[The importance of time intervals between childbirth and anemia in pregnancy]

Srp Arh Celok Lek. 1996 Nov-Dec;124(11-12):307-10.
[Article in Serbian]


During pregnancy some parameters have been studied in order to detect anaemia: amount of erythrocytes, haematocrits, haemoglobin and iron in the serum of 100 women-secundiparae. The greater group of pregnant women (68%) decided for the second pregnancy after two years, while the smaller group (32%) after four years at least. All parameters related to anaemia were present in the groups of shorter time intervals between births. Thus, in the first trimester anaemia was detected in 13.3% of pregnant patients, while only 7.1% in those with a longer interval between deliveries. In the second trimester 33.3% of pregnant women with shorter time intervals suffered from anaemia, and 14.3% of those with a longer interval. The difference is also significant in the third trimester. Namely, 50% of pregnant patients with a shorter interval were anaemic, in comparison to 21.4% of women with a longer interval between deliveries.

Introduction: Anaemia is one of the most frequent illnesses in pregnant patients. The authors found different percentages of its presence in the range from 21 to 80 percent. Sideropenic anaemia is the most common in pregnancy. As Iron is being consumed and lost during delivery, it takes time for its restitution. Therefore Dazabarova advises another childbirth after three years.

Purpose: Pregnancy and delivery exhaust the organism. It takes time for the recovery and a new pregnancy. Therefore, the purpose of this paper was to examine in what way the time-interval may affect anaemia.

Method: This paper covers 100 randomized secondiparae. Laboratory examinations were carried out three times during pregnancy, in each trimester separately. The results are shown on the graph so that the difference and importance of the time-interval between deliveries regarding anaemia in pregnant patients, can be noticed.

Results: Pregnant women with a two-year interval between deliveries showed anaemia to a greater extent during pregnancy (Graph 1). This was confirmed by tests and was statistically significant (chi 2 = 14.275 and p < 0.001). In women with an interval of four years between deliveries, changes in number of erythrocytes were not statistically significant (chi 2 = 1.167 and p > 0.05). Thus, the difference among the analyzed groups was significant in all trimesters of pregnancy. The results of haematocrits are presented in Graph 2. The difference between the results of greater presence of anaemia in women with shorter time-interval between pregnancies may be statistically significant in the first and second trimesters. In the third trimester, however, the difference still existed, although it was not statistically significant. The results of haemoglobin indicating anaemia (Graph 3) were found in a greater number as pregnancy progressed in women with shorter time-interval between deliveries. This was statistically significant (chi 2 = 15.600 and p < 0.001). In women with greater time-interval between deliveries, a slight increase in haemoglobin was detected, indicating anaemia (chi 2 = 5.918 and p < 0.05). Iron concentrations in the serum indicating anaemia (Graph 4) were constantly decreasing during pregnancy (chi 2 = 7.251 and p < 0.01) in patients with shorter intervals between deliveries, whereas in women with greater time-intervals no significant changes were found (chi 2 = 1.838 and p > 0.05). In Graph 5 the prevalence of anaemia is presented according to the examined parameters. Anaemia was greater in a far larger number of women with shorter intervals between deliveries. This difference is at the limit of statistical significance in the first trimester, tending to become statistically highly significant in the second and third trimesters.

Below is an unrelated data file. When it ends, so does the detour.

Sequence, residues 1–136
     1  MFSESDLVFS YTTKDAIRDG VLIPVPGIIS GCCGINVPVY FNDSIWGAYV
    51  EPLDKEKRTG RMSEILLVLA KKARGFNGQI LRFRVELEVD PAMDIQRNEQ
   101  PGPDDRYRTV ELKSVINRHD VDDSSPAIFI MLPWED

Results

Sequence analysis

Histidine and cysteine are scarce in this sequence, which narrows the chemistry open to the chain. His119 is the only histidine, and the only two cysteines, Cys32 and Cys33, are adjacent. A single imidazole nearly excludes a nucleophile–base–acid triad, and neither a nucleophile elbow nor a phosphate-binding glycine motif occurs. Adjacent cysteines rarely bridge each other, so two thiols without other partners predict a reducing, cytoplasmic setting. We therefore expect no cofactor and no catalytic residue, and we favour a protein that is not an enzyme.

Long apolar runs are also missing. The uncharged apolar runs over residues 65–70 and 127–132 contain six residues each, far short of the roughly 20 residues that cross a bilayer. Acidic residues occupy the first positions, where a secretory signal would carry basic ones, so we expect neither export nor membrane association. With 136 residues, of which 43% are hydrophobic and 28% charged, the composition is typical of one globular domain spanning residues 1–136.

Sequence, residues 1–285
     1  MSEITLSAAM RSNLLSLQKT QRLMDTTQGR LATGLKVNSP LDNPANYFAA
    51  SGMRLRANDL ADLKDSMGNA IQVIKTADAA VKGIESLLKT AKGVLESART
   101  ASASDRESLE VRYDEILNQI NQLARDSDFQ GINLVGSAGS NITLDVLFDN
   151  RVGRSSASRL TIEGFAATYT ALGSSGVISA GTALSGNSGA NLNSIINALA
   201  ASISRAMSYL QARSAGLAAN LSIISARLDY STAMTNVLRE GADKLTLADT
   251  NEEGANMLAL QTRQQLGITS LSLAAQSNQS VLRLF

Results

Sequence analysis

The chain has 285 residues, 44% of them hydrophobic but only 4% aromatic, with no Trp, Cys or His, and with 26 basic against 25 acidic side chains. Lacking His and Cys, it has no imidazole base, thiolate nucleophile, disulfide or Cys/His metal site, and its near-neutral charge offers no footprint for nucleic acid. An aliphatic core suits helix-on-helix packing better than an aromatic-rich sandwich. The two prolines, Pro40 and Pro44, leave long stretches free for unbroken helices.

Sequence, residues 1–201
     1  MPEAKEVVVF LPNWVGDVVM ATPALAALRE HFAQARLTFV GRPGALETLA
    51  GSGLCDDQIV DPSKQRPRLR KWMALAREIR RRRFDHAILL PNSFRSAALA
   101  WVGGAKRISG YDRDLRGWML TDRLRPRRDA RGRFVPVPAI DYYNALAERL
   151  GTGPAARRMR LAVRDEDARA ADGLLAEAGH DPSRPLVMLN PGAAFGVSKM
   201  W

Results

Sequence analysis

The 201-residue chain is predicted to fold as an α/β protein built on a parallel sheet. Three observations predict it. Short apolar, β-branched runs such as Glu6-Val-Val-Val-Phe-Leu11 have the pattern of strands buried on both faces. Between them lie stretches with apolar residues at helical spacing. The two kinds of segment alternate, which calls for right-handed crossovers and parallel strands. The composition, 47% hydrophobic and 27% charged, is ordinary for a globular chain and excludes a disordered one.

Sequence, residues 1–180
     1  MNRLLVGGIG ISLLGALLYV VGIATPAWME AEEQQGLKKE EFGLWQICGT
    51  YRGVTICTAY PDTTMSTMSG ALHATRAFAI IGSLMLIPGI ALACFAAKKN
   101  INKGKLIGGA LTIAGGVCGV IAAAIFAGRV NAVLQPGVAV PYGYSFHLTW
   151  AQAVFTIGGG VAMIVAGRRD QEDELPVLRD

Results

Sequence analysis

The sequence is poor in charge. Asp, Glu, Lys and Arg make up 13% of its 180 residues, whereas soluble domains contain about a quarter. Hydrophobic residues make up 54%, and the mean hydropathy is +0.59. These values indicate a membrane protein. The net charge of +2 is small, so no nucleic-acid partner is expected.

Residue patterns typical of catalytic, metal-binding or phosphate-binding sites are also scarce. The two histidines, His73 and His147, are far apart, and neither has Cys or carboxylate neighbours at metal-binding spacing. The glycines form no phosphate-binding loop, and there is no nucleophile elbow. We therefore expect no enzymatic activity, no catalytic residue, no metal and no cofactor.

Discussion: Frequent pregnancies are one of the causes of anaemia. Namely, they are more often detected in multiparae with shorter time-intervals between deliveries. Our study has confirmed that pregnancy causes haemotopoietic changes (ABSTRACT TRUNCATED).

Publication types

  • English Abstract

MeSH terms

  • Anemia / blood
  • Anemia / etiology*
  • Birth Intervals*
  • Female
  • Humans
  • Parity
  • Pregnancy
  • Pregnancy Complications, Hematologic* / blood